I sponsored a community meeting in February and a follow-up meeting on May 3rd on a proposed zoning change to allow construction of a new residential and commercial development at 1557-61 W. Howard (the former Wisdom Bridge Theater building and the former DevCorp North office building).
The modified proposal was met with overwhelming support at the May 3rd community meeting, which approxmately 30 community residents attended, and in e-mails sent to my office. My Zoning and Land Use Advisory Committee recommended I support the proposal, as well. Accordingly, I have decided to support the zoning change.
The proposal calls for a seven-story building with 60 residential units and 15,000 to 30,000 square feet of commercial space on the first and second floors. The proposal also includes 60-75 parking spaces located within the building.
The first three floors of the proposed development would contain parking and retail and office space. No commercial or office tenants have been identified, but the developers have indicated a desire to locate a live theater company at the site. The top four floors would consist of either condominiums or rental units depending on market conditions at the time the project is completed.
The property currently is zoned B3-3. A zoning change to B3-5 is required to allow for the proposed development.
The developers initially proposed a modernistic facade design, which engendered a significant amount of community opposition at the February meeting. Based on that community input, I asked the developers to come up with a more traditional facade design that was more in keeping with the surrounding architecture. The developers came up with two different versions of an art deco brick facade.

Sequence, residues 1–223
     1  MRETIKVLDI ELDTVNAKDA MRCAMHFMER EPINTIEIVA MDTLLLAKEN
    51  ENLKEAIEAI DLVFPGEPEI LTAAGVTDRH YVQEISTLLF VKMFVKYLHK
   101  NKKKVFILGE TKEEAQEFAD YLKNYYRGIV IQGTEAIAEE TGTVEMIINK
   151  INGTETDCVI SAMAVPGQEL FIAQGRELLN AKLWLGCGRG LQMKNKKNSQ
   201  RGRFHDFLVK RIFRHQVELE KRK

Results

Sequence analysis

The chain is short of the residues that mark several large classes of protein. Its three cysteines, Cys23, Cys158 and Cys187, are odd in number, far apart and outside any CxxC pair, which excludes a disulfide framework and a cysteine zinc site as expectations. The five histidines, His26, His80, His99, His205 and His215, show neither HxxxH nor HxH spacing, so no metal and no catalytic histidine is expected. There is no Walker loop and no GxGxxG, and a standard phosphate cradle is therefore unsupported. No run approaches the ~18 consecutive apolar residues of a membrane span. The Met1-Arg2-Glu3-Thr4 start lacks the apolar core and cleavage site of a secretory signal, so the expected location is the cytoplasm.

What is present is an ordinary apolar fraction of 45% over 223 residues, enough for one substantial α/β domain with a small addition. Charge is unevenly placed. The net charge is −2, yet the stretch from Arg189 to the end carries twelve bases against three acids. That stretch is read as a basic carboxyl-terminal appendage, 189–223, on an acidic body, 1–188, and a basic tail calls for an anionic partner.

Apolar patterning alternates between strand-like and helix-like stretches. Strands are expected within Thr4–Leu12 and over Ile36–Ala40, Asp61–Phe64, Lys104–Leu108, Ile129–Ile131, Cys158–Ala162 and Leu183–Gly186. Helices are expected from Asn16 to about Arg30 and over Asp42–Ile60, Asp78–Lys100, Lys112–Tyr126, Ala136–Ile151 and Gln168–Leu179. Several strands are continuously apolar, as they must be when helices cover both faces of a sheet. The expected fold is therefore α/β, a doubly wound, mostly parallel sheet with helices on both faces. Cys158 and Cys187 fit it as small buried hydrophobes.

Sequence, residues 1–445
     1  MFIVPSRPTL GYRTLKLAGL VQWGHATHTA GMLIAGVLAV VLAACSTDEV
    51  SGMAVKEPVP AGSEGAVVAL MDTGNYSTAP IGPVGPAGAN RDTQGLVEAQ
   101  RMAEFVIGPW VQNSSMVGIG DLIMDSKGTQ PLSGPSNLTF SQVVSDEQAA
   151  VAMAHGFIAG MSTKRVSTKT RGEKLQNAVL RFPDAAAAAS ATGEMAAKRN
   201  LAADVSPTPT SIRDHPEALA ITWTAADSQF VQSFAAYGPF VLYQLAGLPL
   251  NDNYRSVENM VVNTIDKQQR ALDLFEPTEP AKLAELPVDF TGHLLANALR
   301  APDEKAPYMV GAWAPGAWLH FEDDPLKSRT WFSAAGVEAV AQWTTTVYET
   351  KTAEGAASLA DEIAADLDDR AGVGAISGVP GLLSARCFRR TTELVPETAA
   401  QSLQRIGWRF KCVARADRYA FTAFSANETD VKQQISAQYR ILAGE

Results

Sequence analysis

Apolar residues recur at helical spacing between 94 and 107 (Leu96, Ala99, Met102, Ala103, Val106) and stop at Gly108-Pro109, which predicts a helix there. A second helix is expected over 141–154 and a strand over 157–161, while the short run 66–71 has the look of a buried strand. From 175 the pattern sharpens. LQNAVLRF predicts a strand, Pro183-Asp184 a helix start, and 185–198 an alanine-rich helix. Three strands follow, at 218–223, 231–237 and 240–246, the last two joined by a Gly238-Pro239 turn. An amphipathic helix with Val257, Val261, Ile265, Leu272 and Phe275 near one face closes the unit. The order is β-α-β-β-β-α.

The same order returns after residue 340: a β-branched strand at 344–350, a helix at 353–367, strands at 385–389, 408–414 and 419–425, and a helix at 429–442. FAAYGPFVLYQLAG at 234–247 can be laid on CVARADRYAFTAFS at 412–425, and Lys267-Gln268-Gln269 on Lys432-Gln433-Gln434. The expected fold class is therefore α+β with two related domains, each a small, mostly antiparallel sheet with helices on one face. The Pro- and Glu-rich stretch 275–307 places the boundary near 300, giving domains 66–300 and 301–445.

Though some community members expressed a preference for the original modernistic design, the vast majority of comments I’ve received favor the art deco designs.
The proposed development would replace two dilapidated buildings. The building at 1557 W. Howard, which one housed the Wisdom Bridge Theater, is in particularly dangerous condition and will soon be demolished by the City of Chicago (the demolition cost will be borne by the property’s owner).
The developers emphasized at the community meetings that they cannot guarantee they will be able to secure a theater company for the site, but I’m currently working with them developers to identify some potential live theater companies and several community residents have provided leads. Even if a theater does not end up in the development, the project will still provide a needed shot in the arm for Howard Street’s re-development and replace two deteriorating buildings with an attractive new structure.
The developers will continue to seek tenants for the retail and office space, and once they have secured commitments they are confident they will be able to receive financing. If for some reason they are unable to do so, I will introduce an ordinance changing the zoning back to its original designation.
If you have any questions or further comments, please reply to this e-mail or call my office at 773-338-5796.